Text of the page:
Ultrasonic Corrosion Mapping
Ultrasonic corrosion mapping is the preferred method for critical pipelines generally on petrochemical sites or offshore platforms. Ultrasonic mapping provides the owner of a pipe line with a detailed C-Scan image of the inspection surface via the means of a semi- automated scanning system.
Silverwing’s RMS2-450 & RMS2-ARC is high-speed remote access ultrasonic corrosion mapping system designed for the circumferential scanning on diameter pipes of more than 152mm (6 inches).
Ultrasonic data is recorded from a single crystal immersion transducer and displayed within the software as a coloured coded C-Scan map, with differing thicknesses represented as changes in colour.
Each thickness level is colour coded and wall thinning by corrosion or erosion is more readily recognised than by manual inspection.
Ultrasonic Thickness Measurement Inspection
Ultrasonic thickness measurement inspection is performed to determine the internal condition and remaining thickness of the piping components. Thickness measurements may be obtained when the piping system is in or out of operation and should be performed by a qualified inspector. Silverwing's ultrasonic thickness gauges, the T-Scan 100 and T-Scan 300. The T-Scan 100 is designed for non-coated pipe work whereas the T-Scan 300 range is designed for coated pipelines.
With the advances in technology and reporting capabilities more and more engineers recommends equipment such as the R-Scan Lite which continuously records thickness measurements as the scanning head is moved over the inspection surface. Inspection results can be viewed in real time in the field or recalled for post inspection analysis at a later date.
Thickness measurement locations (TMLs) are specific areas along the pipeline where inspections are to be made. The nature of the TML varies according to its location in the piping system. The selection of TMLs shall consider the potential for localised corrosion and service-specific corrosion and fittings, with special attention to the inside and outside radius of elbows and tees where corrosion/erosion could increase corrosion rates. As a minimum, the thinnest reading and its location shall be recorded.
In selecting or adjusting the number and locations of TMLs, the inspector should take into account the patterns of corrosion that would be expected and have been experienced in the process unit. A number of corrosion processes common to refining and petrochemical units are relatively uniform in nature, resulting in a fairly constant rate of pipe wall reduction independent of location within the pipeline, either axially or circumferentially.
In these situations, the number of TMLs required to monitor a pipeline will be fewer than those required to monitor pipelines subject to more localised metal loss. In theory a pipeline subject to perfectly uniform corrosion could be adequately monitored with a single TML In reality, corrosion is never truly uniform, so additional TMLs may be required.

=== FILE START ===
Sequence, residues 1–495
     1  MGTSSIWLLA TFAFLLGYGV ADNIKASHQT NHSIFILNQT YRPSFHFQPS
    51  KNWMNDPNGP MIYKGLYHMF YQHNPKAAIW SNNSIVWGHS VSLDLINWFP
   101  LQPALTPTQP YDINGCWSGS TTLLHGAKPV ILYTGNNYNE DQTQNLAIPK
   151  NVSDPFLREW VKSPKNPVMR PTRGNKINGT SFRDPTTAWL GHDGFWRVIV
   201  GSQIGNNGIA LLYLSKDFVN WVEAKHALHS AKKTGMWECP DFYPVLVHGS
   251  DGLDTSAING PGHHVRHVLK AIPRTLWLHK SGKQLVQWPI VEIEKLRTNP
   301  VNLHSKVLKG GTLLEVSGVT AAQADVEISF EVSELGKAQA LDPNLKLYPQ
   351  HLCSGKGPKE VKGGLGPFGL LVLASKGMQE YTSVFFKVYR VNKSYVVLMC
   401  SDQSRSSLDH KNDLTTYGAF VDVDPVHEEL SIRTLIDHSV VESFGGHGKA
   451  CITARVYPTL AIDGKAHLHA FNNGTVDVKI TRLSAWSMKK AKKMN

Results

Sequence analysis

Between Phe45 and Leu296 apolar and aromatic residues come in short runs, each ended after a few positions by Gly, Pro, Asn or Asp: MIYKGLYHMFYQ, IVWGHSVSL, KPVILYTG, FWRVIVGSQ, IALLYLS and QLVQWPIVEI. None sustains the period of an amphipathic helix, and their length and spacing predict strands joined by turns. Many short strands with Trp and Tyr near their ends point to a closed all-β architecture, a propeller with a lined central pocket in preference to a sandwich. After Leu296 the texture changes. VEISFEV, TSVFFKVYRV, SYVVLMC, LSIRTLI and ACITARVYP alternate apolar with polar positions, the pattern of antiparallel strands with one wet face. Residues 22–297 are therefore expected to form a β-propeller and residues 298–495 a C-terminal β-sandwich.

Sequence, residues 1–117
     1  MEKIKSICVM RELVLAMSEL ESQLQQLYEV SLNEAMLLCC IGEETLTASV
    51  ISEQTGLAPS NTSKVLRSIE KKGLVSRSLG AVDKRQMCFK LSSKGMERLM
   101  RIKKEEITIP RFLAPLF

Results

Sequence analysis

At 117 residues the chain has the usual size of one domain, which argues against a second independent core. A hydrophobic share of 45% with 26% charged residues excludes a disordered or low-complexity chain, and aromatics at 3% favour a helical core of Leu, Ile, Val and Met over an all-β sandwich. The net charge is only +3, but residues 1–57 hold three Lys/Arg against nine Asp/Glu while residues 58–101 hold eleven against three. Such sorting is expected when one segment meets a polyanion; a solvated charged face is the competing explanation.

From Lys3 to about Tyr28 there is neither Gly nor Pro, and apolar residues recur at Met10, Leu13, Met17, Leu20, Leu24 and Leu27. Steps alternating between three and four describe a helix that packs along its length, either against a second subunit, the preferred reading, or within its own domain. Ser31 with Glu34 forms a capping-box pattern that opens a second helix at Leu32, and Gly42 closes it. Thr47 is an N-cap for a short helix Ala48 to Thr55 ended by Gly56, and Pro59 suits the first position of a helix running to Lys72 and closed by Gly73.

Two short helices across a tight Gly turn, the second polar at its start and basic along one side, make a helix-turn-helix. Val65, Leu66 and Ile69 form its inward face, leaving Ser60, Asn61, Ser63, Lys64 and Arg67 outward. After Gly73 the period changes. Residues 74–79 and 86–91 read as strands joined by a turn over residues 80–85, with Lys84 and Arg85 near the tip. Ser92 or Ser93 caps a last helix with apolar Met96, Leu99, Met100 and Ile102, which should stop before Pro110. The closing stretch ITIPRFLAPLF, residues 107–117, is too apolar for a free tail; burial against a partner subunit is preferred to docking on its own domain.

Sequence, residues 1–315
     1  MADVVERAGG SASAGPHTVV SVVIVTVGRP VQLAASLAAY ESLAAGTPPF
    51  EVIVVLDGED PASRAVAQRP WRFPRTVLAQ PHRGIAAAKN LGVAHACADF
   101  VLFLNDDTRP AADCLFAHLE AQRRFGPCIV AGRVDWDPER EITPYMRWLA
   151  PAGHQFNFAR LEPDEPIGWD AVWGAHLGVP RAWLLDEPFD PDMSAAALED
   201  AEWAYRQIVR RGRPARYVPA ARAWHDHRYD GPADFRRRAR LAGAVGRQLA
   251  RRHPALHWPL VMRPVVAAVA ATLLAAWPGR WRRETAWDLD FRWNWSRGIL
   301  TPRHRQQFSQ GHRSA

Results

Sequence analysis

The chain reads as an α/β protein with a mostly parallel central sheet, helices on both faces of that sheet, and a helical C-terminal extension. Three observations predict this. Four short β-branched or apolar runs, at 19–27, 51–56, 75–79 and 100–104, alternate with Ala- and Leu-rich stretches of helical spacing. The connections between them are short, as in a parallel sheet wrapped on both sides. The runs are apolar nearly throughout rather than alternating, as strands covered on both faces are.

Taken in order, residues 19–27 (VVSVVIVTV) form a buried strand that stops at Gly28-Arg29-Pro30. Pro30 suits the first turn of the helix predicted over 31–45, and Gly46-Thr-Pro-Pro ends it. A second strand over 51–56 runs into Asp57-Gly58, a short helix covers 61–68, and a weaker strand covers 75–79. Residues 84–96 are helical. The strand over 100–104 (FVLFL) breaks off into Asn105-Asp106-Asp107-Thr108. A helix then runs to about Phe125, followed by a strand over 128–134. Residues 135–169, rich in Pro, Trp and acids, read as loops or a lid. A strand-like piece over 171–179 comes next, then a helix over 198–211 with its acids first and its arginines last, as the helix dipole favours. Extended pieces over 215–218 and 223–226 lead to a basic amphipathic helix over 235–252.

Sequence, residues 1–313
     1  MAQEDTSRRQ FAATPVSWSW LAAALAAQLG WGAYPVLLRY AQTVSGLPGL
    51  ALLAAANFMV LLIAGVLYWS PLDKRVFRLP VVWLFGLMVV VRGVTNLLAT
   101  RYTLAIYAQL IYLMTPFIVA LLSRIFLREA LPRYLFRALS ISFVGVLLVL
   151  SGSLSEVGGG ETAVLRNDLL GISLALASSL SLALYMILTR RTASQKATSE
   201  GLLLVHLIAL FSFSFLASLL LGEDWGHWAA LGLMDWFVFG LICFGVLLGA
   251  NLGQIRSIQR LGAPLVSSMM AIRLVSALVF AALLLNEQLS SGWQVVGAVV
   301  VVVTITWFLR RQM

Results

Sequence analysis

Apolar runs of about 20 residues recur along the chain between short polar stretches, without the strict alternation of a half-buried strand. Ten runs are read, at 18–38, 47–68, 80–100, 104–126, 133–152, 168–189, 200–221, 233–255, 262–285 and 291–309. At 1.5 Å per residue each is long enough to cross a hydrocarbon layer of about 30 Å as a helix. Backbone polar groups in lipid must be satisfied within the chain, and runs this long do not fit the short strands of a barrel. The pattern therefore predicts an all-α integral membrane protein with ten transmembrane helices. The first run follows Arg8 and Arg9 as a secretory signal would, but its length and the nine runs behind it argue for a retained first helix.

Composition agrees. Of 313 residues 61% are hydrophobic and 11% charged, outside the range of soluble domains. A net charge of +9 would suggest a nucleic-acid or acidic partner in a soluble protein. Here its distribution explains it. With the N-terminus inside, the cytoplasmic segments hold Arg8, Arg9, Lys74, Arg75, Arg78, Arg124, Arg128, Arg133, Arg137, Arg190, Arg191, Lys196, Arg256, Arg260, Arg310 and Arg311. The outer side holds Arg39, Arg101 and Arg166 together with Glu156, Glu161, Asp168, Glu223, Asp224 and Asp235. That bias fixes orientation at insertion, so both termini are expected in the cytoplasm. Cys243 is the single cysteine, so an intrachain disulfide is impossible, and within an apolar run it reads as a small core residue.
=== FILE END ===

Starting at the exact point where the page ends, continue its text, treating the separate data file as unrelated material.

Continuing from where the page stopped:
Magnetic Flux Leakage Pipe Screening
Magnetic flux leakage (MFL) is a corrosion screening technique which is not affected by product flowing through the pipe so surveys can be carried out in-service or out of service. MFL is a quick and easy method for detecting corrosion which should then be backed up by ultrasonic for suspect areas. Silverwing’s PipeScan is a cost effective MFL inspection tool which is design to operate on pipes with an outside diameter of 48 mm to 2400 mm.
MFL screening relies on the detection of the magnetic flux, which is 'squeezed' out of the pipe under test by any decrease in the wall thickness.
In order to achieve this, the pipe wall needs to be close to magnetic saturation. The amplitude of the signal obtained from any wall loss is proportional to the volume that is missing from the region interrogated.
External Visual Inspection
An external visual inspection is performed to determine the condition of the outside of the piping, insulation system, painting and coating systems, and associated hardware; and to check for signs of misalignment, vibration, and leakage.
When corrosion product build up is noted at pipe support contact areas, lifting off such supports may be required for inspection. External inspections shall include surveys for the condition of piping hangers and supports. Instances of cracked or broken hangers, bottoming out of spring supports, support shoes displaced from support members, or other improper restraint conditions shall be reported.
Support legs also shall be checked to confirm that they have not filled with water that is causing external corrosion of the pressure piping or internal corrosion of the support leg.